In the debate over the value of a bachelor's degree, the usual argument is that its holders earn on average about $1 million more over their lifetime than those with only a high school diploma. But like all generalizations, the truth is far more nuanced, as The New York Times and The Wall Street Journal made clear on consecutive days. What they reported warrants further examination.
"Though it's no guarantee, a B.A. or some kind of technical training is at least a prerequisite for a decent salary. It's hard to see any great future for high-school dropouts or high-school graduates with no technical skills" ("The Dwindling Power of a College Degree, The New York Times Magazine, Nov. 27). But notice the words "with no technical skills."
I stress this phrase because the assumption is that college graduates possess wherewithal lacking in high school graduates. But this is not necessarily the case. In fact, if vocational education in high school were given the respect it deserves, I believe that students enrolled in such programs would be in a far better position to get a well paying and satisfying job than college graduates who have majored in the liberal arts. Instead, the Obama administration persists in urging college for almost everyone. This strategy does a terrible disservice to the thousands of students who have no interest in pursuing a four-year college degree.
That's because even though the unemployment rate currently is 9 percent there are many jobs for those who possess specialized skills. These include welders, machinists and drilling-rig workers ("Help Wanted: In Unexpected Twist, Some Skilled Jobs Go Begging," The Wall Street Journal, Nov. 26). And let's not forget plumbers, electricians and auto mechanics. None of these positions requires a bachelor's degree, but they all require expertise that can be acquired through vocational courses in high school or in community college. Students who choose to follow either of these routes are virtually assured of a steady career that pays a traditional pension. Moreover, they are not saddled with the heavy debt that comes from earning a bachelor's degree. Bill Frezza, a fellow at the Competitive Enterprise Institute, sees a "coming tsunami of student loan defaults" that will push the federal agency guaranteeing such loans into bankruptcy ("The Root Cause of Market Failure in Higher Education," Real Clear Markets, Nov. 28).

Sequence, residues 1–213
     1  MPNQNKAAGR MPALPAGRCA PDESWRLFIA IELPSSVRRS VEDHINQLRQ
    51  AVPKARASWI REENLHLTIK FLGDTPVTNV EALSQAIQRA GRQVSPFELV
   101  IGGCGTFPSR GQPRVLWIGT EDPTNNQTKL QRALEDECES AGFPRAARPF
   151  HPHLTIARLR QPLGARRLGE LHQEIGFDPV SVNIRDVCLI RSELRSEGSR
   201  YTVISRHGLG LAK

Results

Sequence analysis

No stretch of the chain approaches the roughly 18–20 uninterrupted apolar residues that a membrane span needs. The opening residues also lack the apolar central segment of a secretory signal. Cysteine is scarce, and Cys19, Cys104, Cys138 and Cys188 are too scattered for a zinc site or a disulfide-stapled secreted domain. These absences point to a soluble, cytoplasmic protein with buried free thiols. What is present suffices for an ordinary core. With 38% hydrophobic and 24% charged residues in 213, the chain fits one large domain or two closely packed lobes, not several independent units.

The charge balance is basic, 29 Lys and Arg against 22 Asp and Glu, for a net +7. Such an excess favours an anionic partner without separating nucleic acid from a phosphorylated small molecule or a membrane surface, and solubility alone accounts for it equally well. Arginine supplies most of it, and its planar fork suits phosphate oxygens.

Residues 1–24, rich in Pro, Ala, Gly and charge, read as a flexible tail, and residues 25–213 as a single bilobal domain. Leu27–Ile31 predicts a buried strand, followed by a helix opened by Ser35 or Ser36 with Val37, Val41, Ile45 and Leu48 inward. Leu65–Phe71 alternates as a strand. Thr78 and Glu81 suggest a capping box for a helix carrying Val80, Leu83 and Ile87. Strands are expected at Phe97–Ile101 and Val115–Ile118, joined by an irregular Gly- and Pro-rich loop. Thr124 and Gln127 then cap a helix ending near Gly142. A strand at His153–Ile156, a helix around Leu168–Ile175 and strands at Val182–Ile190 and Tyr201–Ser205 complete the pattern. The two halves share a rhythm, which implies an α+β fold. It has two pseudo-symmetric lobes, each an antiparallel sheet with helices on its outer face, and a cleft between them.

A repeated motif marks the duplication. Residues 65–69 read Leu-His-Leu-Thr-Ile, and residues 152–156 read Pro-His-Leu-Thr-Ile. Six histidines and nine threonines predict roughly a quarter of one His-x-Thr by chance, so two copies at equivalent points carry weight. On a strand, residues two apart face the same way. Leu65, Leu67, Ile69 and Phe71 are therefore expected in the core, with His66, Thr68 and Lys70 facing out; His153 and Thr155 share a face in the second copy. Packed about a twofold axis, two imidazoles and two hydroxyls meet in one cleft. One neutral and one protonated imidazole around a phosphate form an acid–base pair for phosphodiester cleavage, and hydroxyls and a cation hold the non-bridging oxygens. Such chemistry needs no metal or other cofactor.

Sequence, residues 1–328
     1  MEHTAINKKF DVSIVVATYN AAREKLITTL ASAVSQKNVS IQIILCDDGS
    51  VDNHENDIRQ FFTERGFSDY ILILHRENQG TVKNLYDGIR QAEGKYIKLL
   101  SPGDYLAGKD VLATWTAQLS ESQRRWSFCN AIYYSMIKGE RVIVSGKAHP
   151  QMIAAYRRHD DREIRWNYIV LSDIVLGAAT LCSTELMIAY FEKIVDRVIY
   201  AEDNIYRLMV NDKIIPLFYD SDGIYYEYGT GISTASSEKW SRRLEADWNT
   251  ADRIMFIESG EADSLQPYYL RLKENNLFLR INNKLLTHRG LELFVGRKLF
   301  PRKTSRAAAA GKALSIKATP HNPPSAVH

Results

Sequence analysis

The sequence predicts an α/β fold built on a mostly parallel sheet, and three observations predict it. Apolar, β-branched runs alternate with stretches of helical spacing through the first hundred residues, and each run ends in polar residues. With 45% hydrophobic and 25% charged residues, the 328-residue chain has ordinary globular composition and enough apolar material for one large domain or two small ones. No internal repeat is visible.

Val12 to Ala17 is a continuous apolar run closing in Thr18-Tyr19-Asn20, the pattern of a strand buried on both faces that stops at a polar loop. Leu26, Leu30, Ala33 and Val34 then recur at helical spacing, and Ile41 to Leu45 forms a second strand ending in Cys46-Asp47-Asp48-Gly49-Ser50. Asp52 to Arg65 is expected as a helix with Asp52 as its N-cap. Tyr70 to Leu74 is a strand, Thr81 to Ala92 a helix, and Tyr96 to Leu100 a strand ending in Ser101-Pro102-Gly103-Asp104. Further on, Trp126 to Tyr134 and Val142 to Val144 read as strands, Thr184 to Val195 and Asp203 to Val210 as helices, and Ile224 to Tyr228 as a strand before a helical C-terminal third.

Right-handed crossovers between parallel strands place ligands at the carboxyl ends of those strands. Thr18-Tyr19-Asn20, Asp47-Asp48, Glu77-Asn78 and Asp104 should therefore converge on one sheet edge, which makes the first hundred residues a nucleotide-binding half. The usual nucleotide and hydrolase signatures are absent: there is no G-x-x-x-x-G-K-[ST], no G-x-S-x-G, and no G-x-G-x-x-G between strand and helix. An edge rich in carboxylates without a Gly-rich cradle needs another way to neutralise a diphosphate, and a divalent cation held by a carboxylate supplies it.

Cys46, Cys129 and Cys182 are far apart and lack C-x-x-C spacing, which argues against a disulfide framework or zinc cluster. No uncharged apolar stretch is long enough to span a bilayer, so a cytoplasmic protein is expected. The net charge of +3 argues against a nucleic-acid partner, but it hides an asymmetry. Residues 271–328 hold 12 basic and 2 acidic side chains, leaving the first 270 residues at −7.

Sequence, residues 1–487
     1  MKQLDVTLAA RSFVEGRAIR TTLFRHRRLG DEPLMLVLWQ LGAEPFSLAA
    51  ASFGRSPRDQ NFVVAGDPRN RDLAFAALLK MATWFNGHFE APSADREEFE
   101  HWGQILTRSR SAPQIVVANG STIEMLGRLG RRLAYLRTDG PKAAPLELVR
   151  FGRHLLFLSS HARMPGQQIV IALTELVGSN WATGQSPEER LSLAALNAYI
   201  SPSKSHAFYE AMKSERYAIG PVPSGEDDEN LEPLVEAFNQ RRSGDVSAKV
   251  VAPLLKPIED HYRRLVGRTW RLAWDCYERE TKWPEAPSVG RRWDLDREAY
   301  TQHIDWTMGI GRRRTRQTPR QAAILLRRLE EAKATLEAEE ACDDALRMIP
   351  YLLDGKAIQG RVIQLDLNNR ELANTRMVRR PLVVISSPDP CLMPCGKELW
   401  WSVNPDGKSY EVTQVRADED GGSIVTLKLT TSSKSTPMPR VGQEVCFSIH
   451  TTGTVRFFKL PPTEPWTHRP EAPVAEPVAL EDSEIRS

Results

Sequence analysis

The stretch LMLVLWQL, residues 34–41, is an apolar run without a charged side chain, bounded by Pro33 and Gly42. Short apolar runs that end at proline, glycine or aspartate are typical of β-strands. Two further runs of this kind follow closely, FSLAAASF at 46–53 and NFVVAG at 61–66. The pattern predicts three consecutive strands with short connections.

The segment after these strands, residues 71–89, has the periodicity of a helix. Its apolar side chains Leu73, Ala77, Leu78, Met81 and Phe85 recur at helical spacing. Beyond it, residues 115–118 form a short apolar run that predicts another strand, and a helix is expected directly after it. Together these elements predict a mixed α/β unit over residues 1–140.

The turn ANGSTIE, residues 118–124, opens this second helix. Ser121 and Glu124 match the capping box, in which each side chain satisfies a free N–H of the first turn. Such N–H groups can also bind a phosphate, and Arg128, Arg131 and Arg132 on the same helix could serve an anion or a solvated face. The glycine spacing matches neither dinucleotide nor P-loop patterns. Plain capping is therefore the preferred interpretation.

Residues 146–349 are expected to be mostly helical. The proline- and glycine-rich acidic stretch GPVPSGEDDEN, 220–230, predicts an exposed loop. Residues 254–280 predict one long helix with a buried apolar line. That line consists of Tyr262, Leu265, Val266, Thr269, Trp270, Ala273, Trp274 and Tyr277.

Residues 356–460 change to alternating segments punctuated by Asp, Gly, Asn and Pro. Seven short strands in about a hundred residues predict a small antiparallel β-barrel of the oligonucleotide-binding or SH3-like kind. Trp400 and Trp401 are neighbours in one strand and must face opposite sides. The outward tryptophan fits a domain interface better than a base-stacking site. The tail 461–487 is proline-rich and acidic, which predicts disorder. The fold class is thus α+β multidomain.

We can argue all we want about the purpose of tertiary education. But conditions have dramatically changed. Up until the 1970s, less than 11 percent of the adult population graduated from college. Today, almost a third of the adult population in this country has a college degree, and an even higher percentage earned their degree from non-elite schools. As a result, a bachelor's degree by itself no longer indicates intelligence and capability.
For those who are undecided about their future or want a broad background, there is nothing that compares with a liberal arts education. But remember that education is not the same as training. While they may overlap, they have different purposes. The former is concerned with concepts, while the latter is concerned with techniques. As long as the distinction is clearly understood, there will be far less disappointment among young people than there is now.